We received some legal questions concerning our project. As a result, we closed shop for a few days to sort things out.
The following things were changed:
In an earlier blog post, we explained how we keep on adding sources and references to our database of generic trademarks.
This week I analysed the quality and independency of the different sources.
Good news. We have been expanding the website by adding examples and references for generic use of trademarks.
The Washington Post (375)
While setting up this website and collecting information, I found a (relatively) small number of freely available sources.
In this article I will share them with you. Do you have additional sources? Let me know by using the contact form.
“We’re a company that’s so successful and everywhere you go, you see a scratchy, hairy fastener and you say…
Hey, that’s Velcro.”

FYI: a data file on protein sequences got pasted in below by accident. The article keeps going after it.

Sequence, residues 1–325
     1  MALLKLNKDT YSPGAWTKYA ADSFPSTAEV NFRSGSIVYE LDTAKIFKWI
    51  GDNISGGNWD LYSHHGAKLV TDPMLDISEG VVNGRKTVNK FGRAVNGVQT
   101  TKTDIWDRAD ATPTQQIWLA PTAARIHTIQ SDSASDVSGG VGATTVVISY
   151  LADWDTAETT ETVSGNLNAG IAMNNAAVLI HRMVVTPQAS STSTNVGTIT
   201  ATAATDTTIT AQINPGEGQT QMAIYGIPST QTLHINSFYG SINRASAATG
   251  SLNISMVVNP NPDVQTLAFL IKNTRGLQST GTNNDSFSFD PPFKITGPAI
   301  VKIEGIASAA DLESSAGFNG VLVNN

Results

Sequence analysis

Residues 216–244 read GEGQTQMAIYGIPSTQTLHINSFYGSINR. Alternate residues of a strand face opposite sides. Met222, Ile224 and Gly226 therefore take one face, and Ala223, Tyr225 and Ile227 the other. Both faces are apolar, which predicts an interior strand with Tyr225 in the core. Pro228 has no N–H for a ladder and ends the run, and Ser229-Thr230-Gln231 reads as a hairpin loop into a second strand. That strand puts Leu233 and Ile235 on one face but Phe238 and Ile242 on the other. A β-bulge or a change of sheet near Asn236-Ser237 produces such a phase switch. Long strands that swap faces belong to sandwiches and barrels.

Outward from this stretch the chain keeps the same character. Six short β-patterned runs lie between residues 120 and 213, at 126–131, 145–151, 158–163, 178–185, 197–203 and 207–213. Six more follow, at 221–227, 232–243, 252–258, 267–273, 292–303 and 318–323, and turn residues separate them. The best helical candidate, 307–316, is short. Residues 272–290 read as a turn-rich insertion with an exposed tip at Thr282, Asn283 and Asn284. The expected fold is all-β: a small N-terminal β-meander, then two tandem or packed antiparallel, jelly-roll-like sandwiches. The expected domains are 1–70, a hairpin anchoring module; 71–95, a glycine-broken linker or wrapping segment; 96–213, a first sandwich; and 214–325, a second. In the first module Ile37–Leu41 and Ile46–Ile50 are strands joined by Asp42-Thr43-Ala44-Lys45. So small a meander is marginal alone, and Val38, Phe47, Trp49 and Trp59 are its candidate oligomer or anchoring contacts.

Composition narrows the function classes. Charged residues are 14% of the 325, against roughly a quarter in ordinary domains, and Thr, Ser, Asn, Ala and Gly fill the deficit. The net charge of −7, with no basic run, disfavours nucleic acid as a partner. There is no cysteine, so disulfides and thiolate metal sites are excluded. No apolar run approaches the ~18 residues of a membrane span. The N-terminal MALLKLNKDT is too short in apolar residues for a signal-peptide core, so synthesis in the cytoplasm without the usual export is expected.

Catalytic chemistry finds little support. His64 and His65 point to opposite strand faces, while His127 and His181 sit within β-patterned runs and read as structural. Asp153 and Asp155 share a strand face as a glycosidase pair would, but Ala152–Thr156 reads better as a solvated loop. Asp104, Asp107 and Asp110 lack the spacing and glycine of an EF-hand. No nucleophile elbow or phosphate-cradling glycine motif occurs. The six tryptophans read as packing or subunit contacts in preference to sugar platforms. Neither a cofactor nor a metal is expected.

So begins the video the Velcro company released end of 2017. They attempt to protect their brand against genericide by releasing the video in which they ask the public "to stop saying “Velcro” and start instead saying “hook and loop.”
Analysing whether a certain trademark has become a genericised trademark is incredibly difficult.
One of the ways to help this analysis, is media usage. How is the brand name used in different media?
Link to newspapers
Today we added a new possibility to our website. It is now possible to link a trademark in our database to a mention in a newspaper. Look on the entry page "Astroturf" for an example (box on the top right).
Genericide is somethings described as brands being destroyed by their own success.
Several brands haven been very succesfull during the Corona crisis. Are they risking "to be destroyed"? Let us find out
Let us look into a first example, zoom, an online videoconferencing tool. The use has skyrocketed despite some privacy concerns, and many people and families are setting up "zoom calls". There is the concept of zoombombing, in which an intruder joins an ongoing call to wreak havoc.
The degree of distinctiveness exhibited by a trademark affects its eligibility to enforce it. In the US, distinctiveness is typically classified into four categories enumerated by the Second Circuit in Abercrombie and Fitch Co. v. Hunting World. Other legislators have followed the Abercrombie framework from that case, so it is interesting to add this to our database.